Haring exhibit showcases artist’s political perspective

Lucy Tantum

Keith Haring began his artistic career in New York City subway stations in the early 80s. He used chalk to draw on empty advertising panels on the station walls, working quickly so he wouldn’t get caught.

Now, Haring’s subway drawings are, somewhat incongruously, in a museum. The DeYoung Museum in San Francisco, to be more specific.

GREETING VISITORS as they walk into the Keith Haring exhibit, this statue stands proudly. The exhibit will be at the DeYoung until Feb. 16.
GREETING VISITORS as they walk into the Keith Haring exhibit, this statue stands proudly. The exhibit will be at the DeYoung until Feb. 16.

The subway drawings, and much of Haring’s other work, are featured at the DeYoung until Feb. 16. The exhibition, “Keith Haring: The Political Line,” is the first West Coast show of Haring’s work in decades. It does justice to Haring’s legacy, highlighting the political issues that he fought for.

Haring, who rose to prominence during the 80s, was a huge contributor to the social activist culture. His style is somewhere between graffiti and cartoon, and his brightly-colored paintings are easily recognizable and widely pleasing.

The paintings are most impressive when seen in person. Haring painted on big canvases with big, broad brushstrokes, which has a powerful effect. His subjects don’t have detailed faces, or any faces at all—they’re just colorful outlines, but they dance and move and exude a unique energy.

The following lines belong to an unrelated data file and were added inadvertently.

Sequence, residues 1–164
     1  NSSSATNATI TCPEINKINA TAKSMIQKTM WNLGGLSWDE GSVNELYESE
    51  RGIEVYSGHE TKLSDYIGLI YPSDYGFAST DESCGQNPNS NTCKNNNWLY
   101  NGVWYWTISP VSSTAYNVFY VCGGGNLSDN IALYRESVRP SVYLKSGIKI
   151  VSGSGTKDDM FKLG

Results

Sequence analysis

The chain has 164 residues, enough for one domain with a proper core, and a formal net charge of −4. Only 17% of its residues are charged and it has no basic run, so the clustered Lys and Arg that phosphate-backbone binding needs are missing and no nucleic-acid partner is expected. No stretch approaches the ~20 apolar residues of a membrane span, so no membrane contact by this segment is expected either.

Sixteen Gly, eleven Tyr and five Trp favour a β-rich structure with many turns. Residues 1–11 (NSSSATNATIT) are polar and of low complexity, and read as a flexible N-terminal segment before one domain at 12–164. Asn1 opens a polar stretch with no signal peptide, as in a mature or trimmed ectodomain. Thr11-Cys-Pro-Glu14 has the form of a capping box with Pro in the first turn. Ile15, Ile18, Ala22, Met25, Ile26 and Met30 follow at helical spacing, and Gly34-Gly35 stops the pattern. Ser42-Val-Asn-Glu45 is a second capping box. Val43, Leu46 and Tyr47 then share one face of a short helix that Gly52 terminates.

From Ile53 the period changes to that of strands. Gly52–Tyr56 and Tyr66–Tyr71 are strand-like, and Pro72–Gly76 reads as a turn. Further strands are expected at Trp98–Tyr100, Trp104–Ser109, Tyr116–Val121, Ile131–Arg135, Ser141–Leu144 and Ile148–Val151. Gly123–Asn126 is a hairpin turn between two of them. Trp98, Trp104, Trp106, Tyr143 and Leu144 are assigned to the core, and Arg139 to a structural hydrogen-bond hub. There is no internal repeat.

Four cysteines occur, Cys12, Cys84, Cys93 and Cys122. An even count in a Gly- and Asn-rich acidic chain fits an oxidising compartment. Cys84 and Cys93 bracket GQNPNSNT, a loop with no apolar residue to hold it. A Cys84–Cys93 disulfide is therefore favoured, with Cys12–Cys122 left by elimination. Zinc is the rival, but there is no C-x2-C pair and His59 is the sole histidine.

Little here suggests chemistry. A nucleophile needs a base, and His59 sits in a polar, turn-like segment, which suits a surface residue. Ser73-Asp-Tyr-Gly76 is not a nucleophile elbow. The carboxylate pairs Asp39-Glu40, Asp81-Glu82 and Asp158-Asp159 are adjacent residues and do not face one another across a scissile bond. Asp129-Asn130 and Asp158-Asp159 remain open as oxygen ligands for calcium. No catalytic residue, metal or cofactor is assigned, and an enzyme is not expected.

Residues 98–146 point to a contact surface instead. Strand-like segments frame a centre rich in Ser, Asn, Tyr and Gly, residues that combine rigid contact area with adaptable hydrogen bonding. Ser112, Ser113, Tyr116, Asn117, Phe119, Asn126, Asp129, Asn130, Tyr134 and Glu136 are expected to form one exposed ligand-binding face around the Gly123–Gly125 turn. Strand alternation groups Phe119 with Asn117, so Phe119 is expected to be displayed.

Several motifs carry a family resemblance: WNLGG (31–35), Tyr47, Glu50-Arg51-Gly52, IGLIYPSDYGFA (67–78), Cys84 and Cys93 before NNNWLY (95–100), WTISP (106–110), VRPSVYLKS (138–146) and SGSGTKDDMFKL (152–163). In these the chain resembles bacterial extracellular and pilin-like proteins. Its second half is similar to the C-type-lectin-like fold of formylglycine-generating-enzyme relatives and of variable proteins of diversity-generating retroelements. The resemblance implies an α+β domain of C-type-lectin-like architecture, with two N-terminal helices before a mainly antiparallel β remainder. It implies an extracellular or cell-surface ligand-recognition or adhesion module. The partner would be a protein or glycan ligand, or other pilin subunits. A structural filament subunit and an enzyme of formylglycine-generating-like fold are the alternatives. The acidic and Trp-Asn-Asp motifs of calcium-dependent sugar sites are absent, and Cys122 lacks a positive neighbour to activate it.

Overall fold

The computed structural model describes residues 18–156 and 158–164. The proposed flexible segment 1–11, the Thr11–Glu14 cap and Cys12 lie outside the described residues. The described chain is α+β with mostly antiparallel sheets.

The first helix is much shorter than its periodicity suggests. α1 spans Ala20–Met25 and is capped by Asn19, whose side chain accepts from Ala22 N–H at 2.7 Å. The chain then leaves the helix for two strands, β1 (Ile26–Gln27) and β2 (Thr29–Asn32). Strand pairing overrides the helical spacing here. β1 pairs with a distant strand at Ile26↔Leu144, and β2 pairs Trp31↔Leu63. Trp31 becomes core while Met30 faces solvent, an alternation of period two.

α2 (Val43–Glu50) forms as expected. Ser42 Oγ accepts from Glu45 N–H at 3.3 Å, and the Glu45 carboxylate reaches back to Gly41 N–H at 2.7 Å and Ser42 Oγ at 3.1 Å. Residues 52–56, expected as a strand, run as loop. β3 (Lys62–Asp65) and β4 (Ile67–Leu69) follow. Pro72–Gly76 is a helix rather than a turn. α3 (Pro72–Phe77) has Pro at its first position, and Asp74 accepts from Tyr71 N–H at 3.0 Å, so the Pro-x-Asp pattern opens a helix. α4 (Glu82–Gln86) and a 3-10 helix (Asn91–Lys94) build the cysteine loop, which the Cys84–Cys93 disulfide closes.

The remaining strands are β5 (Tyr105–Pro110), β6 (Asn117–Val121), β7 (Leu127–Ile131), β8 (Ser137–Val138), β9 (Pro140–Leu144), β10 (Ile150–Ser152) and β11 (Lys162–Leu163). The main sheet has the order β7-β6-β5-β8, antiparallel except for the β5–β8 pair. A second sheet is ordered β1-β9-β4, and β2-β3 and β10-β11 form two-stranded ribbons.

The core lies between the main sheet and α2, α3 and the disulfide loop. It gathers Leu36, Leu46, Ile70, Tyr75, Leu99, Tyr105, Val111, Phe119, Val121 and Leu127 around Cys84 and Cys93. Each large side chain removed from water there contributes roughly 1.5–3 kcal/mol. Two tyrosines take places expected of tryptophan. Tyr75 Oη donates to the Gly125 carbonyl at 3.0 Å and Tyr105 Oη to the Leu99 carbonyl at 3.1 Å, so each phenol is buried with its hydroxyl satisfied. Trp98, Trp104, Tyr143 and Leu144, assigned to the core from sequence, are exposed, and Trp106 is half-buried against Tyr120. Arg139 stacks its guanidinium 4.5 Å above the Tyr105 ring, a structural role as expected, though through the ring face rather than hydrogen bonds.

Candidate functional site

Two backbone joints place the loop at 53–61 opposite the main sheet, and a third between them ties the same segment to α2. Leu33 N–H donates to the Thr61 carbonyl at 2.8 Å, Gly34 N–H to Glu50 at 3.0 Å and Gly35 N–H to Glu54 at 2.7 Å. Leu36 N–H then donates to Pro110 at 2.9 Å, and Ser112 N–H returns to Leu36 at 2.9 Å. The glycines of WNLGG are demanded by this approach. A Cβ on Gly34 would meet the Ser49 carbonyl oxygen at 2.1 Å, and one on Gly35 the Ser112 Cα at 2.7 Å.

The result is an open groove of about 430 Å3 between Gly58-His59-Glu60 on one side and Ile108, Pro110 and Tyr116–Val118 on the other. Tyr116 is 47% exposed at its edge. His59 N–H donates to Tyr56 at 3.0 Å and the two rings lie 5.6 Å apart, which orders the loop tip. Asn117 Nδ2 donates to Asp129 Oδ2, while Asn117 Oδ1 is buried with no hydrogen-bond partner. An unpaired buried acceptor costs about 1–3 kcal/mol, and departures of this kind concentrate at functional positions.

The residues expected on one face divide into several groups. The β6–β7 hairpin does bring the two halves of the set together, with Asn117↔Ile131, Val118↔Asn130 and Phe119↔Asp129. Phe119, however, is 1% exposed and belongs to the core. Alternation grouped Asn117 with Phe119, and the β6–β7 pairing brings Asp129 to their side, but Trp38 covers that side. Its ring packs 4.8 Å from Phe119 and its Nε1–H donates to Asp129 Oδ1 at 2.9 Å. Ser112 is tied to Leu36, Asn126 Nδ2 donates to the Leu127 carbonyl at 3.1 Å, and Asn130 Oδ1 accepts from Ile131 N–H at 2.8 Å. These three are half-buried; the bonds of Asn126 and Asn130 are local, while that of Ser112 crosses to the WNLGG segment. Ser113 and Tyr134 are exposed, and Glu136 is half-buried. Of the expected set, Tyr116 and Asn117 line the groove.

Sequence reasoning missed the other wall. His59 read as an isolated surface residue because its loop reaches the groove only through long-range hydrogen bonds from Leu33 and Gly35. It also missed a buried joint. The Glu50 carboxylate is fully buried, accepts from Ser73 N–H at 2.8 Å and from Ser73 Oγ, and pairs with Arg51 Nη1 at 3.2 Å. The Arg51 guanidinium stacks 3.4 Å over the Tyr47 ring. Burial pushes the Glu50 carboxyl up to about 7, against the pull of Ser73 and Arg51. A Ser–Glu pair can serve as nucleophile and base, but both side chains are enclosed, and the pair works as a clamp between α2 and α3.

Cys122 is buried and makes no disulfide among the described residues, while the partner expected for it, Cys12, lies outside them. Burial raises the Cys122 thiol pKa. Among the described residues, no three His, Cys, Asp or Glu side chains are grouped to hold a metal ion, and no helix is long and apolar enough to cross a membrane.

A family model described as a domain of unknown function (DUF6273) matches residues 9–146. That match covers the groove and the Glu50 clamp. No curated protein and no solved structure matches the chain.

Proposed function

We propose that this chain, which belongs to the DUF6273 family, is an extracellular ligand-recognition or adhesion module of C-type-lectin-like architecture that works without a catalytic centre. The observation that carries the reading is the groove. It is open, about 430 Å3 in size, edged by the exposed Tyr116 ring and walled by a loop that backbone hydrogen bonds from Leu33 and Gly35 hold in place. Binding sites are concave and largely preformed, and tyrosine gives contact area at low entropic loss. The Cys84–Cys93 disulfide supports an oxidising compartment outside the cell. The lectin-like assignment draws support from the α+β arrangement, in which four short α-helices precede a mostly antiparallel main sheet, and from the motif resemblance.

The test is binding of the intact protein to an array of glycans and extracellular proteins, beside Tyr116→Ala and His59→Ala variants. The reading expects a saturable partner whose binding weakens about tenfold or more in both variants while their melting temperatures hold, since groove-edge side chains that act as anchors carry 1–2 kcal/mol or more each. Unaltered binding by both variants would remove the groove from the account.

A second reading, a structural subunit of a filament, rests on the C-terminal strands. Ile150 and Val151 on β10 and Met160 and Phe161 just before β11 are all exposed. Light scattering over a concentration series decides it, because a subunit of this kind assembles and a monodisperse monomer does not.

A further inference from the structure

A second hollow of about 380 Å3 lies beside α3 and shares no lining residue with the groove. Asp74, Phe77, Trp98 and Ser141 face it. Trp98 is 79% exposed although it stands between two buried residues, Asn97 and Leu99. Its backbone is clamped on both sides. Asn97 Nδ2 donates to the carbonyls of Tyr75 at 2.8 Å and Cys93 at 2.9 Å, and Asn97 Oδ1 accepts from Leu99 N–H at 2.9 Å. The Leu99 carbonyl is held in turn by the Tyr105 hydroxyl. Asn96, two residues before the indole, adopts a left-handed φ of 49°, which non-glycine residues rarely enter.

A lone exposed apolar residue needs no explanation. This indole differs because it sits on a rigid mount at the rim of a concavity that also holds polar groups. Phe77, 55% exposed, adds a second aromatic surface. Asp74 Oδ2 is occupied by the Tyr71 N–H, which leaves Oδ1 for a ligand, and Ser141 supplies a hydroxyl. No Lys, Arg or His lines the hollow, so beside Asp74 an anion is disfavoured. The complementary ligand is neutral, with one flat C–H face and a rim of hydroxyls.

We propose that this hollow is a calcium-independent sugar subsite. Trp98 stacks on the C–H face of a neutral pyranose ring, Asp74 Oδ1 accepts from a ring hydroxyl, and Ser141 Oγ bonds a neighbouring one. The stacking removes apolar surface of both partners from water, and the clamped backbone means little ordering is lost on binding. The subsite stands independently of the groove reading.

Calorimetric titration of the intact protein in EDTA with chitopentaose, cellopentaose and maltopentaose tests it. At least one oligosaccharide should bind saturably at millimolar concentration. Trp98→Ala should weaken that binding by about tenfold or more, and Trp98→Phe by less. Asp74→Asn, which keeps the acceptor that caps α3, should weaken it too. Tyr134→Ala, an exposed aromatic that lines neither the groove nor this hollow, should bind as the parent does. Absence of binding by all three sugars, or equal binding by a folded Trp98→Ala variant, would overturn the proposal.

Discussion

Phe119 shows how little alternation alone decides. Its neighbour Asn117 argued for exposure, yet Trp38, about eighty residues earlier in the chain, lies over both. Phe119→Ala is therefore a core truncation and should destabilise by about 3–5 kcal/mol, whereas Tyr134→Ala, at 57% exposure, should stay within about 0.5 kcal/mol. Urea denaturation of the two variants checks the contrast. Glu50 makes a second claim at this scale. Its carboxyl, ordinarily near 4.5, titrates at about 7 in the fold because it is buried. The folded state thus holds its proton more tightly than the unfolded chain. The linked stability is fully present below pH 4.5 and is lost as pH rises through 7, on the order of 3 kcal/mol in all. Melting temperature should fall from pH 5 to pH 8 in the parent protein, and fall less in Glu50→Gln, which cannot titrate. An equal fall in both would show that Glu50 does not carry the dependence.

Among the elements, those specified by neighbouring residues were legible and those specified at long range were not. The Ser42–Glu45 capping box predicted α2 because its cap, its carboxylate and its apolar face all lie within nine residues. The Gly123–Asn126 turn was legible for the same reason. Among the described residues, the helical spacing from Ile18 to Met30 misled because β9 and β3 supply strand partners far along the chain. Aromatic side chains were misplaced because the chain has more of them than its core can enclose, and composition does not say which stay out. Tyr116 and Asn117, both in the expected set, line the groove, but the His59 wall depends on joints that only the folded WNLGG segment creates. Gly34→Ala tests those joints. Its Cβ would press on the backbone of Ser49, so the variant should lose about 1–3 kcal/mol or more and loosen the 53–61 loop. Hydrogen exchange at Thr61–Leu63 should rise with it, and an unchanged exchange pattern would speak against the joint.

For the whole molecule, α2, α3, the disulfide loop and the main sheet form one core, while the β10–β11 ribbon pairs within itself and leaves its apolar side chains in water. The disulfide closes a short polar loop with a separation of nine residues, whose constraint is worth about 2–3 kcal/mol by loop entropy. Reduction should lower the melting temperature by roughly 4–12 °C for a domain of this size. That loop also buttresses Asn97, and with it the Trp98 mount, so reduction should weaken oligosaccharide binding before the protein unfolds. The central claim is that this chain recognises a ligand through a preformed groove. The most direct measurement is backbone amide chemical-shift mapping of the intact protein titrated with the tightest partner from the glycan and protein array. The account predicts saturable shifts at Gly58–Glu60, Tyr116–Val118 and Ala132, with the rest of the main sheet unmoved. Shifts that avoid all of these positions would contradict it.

The exhibit is interesting from start to finish, partly because of the variety of mediums that Haring painted on. As you walk up to the first gallery, a neon-colored Statue of Liberty greets you at the entrance. Upon closer inspection, you see that Lady Liberty is covered in patterns drawn in pen, stretching from the top of her torch to the bottom of her robe.

There’s also a crumpled taxi hood covered with patterns drawn in marker, and two towering totem pole-like sculptures. There are huge canvas tarps, covered with intricate designs, that take up entire gallery walls.

Each room in the DeYoung’s exhibit focuses on a different topic: capitalism, Apartheid, the environment. Haring was an outspoken advocate for a variety of causes, as evidenced by the range of issues that his art focuses on. There’s a short written explanation about Haring’s interest in the issue, then the art tells the rest of the story.

The political messages conveyed through Haring’s work are powerful. His use of simple outlines and primary colors just serves to accentuate his point—though his paintings seem conceptually basic, they contain meaningful messages.

I enjoyed the setup of the exhibit, since it placed emphasis on each of Haring’s activist causes instead of trying to lump all of them together. In this way, I was able to really learn what the artist stood for.

But because the focus of the exhibition was on political activism, it didn’t place as much emphasis on other parts of Haring’s identity. Haring, who was gay, died at age 31 at the height of the AIDS epidemic, and much of his art reflects this part of his life.

Haring’s art is often focused on sexuality, albeit in an abstract way—remember, his human figures are just outlines. However, I felt that the exhibit glossed over this side of Haring, focusing more on his politics.

I was pleased that Haring’s work was quite accessible—it seems that anyone, no matter how much or how little they know about art, can enjoy it. I’m not an art expert by any stretch of the imagination, yet I enjoyed Haring’s inventive style.

It takes around 30 to 45 minutes to walk through the exhibit—maybe longer, since you could easily start staring at a painting and become hypnotized by the complex patterns and vivid colors.

There’s an audio tour of the exhibit available for an extra six dollars. I opted against it, and found that I was still able to get a feel for Haring’s work. Tickets for the exhibit cost $16 on weekdays and $19 on weekends and holidays, and they’re well worth the price.